. and process the mixture in a blender. When the shells are
pulverized, strain the concoction and store the liquid in
the refrigerator until you’re thirsty!


In addition to its better-known culinary
characteristics, the pumpkin serves a variety of other
practical purposes. Much of this country’s crop is sold for
stock feed . . . and in Europe the seeds are pressed to
produce a much-cherished cooking oil. Some say, too, that
the leaves from a pumpkin plant can provide an effective
fly repellent for cattle when crushed and rubbed on the
animals’ backs and necks. And you can even make a nifty
wind instrument from a pumpkin vine: Just choose a sturdy
eight- or ten-inch length of hollow stem and then —
at a point about an inch from one end — carve a
1/4-inch hole and (a few inches farther down) three or four
additional bores spaced about an inch apart. Then play the
gadget as you would a fife!

One thing’s for sure: No matter what you use your pumpkins
for this year, you’ll be joining the ranks of individuals
who — over the decades and centuries and millenniums
— have learned that this humble, easy-to-grow
squash,is a faithful provider . . . and a true friend to
those seeking sustenance and pursuing the path of
self-sufficiency. And that, perhaps, is precisely what
makes the pumpkin great.

EDITOR’S NOTE: If you’re interested in expanding your
repertoire of delicious pumpkin-based dishes, you’d do well
to latch onto a delightful little cookbook by Erik
Knud-Hansen entitled
Pumpkin Happy. The
illustrated 54-page paperback contains recipes for dozens
of tasty-sounding foods — from pumpkin garlic soup
and pumpkin fritters to soufflé, custard, ice cream,
breads and biscuits, and wine (just to name a few!) —
and is available for $3.00 plus $1.00 shipping and handling
(California residents add 6% tax) from Aniccha Press, Dept.
TMEN, Camptonville, California.
You may also be interested in the recipes included in
MOTHER EARTH NEWS NO. 23’s “The Pumpkin . . . A Challenge to Creative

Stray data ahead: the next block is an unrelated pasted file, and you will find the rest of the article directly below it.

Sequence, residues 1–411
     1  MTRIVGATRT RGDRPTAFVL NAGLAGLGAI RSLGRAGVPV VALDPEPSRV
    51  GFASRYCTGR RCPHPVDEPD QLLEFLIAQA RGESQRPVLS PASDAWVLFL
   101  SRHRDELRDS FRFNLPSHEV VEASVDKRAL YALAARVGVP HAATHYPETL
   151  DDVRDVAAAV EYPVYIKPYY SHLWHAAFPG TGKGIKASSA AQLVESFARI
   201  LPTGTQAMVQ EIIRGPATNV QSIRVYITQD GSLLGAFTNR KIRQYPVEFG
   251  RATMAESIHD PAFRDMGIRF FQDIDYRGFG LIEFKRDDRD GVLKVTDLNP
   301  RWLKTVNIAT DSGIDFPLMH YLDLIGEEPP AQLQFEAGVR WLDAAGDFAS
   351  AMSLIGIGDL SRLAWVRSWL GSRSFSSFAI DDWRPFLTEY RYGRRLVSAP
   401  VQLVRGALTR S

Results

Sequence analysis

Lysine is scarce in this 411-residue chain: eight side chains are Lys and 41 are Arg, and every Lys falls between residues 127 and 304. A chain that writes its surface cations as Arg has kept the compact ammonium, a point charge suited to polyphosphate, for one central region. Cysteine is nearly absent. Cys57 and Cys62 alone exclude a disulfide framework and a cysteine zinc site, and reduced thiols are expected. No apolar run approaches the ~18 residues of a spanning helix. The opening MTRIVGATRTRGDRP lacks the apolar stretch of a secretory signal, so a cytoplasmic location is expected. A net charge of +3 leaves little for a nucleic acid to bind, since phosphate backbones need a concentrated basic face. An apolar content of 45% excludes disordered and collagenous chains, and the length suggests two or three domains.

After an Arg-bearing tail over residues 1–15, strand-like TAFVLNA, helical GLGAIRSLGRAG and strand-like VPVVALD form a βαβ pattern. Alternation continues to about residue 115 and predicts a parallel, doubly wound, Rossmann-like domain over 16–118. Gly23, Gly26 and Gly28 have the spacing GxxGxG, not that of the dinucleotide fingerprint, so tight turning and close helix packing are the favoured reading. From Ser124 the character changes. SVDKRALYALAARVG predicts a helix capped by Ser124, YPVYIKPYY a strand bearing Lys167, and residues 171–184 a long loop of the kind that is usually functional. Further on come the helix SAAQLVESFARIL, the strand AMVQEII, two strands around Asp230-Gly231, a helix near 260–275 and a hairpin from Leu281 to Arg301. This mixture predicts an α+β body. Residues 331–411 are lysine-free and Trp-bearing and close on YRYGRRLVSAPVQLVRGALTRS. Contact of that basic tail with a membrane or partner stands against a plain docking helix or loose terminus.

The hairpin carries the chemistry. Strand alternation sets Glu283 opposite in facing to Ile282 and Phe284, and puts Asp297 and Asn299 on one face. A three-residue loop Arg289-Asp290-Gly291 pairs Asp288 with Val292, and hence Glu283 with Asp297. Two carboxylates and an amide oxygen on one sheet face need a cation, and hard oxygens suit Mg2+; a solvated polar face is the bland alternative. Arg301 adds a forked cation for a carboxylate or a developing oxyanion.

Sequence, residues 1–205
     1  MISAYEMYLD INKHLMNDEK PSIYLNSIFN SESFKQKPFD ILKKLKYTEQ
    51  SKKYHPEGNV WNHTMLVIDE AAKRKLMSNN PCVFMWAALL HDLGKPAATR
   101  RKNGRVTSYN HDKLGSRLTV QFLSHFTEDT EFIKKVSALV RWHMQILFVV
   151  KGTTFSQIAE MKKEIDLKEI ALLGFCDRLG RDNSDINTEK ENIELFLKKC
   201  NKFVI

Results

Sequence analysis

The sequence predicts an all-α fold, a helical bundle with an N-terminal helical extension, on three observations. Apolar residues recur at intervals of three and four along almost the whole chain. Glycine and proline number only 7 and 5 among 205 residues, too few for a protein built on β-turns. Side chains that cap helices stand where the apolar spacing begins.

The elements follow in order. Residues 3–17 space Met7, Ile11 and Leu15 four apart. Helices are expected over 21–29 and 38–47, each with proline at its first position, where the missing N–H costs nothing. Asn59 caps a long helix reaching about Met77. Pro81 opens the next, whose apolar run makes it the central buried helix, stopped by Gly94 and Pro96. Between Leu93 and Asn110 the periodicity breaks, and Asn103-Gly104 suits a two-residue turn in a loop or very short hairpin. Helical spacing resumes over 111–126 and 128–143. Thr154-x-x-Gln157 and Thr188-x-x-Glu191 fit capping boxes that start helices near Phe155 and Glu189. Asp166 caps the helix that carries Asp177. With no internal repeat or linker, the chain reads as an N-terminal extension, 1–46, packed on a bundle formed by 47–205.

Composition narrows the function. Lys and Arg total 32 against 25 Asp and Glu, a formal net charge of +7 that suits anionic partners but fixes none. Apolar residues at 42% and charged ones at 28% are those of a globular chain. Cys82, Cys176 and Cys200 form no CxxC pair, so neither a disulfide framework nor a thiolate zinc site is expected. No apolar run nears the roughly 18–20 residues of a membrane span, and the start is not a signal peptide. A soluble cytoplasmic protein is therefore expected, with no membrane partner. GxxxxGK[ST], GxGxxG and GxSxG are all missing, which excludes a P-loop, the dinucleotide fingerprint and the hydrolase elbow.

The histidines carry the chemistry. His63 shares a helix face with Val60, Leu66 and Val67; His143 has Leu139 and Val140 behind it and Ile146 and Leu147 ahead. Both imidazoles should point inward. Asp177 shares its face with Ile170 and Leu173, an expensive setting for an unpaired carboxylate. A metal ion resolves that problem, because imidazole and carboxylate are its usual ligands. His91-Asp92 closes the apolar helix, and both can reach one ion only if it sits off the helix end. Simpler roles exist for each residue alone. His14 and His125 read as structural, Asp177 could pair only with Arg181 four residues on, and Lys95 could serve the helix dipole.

Cooking” (page 48), as well as the instructions for making,
preserving, and using pumpkin butter in
MOTHER EARTH NEWS NO. 65 (page 153).
To order back issues, turn to page 52 in this issue.

MOTHER’s All-Time Favorite Pumpkin Pie Recipe

We’ve printed a prodigious number of recipes within the
pages of this magazine over the years, but few have
elicited as much praise from palate-pleased readers as did
the pumpkin pie “receipt” submitted to us by Esther
Shuttleworth, mother of the founder of this publication. We
first revealed Mrs. Shuttleworth’s secret in issue 41’s
foldout and — in honor of the approaching
Thanksgiving season — reprint it here.


1 cup of granulated sugar (this would be difficult to substitute for . . . and, after all, it’s a holiday!)
1 teaspoon of cinnamon
1/4 teaspoon of nutmeg
1/4 teaspoon of cloves (optional)
1 pinch of salt
2 eggs
1 cup of pumpkin (canned, or fresh and cooked till thick)
1 cup of thick sweet whipping cream
Unbaked pie crust

Combine all the dry ingredients, and beat in the two eggs
till the mixture is fluffy. Stir in the pumpkin and then
the whipping cream. When the filling is thoroughly blended,
pour it into an 8 inch (1-1/4 inch-deep) pastry-lined piepan, and
bake it at 425 degrees Fahrenheit for 20 minutes. Then reduce the heat to
375 degrees Fahrenheit, and bake the pie for approximately 30 more
minutes, or until a toothpick inserted into the filling
comes out clean. While in the oven, the “pumpkream” will
rise, then fall somewhat and — when it’s nearly done
— develop little “good pie” cracks along the edges.
“Most pumpkin pies are too spicy and ‘pumpkiny’ for my
family,” says Mrs. Shuttleworth, “but they love this one!”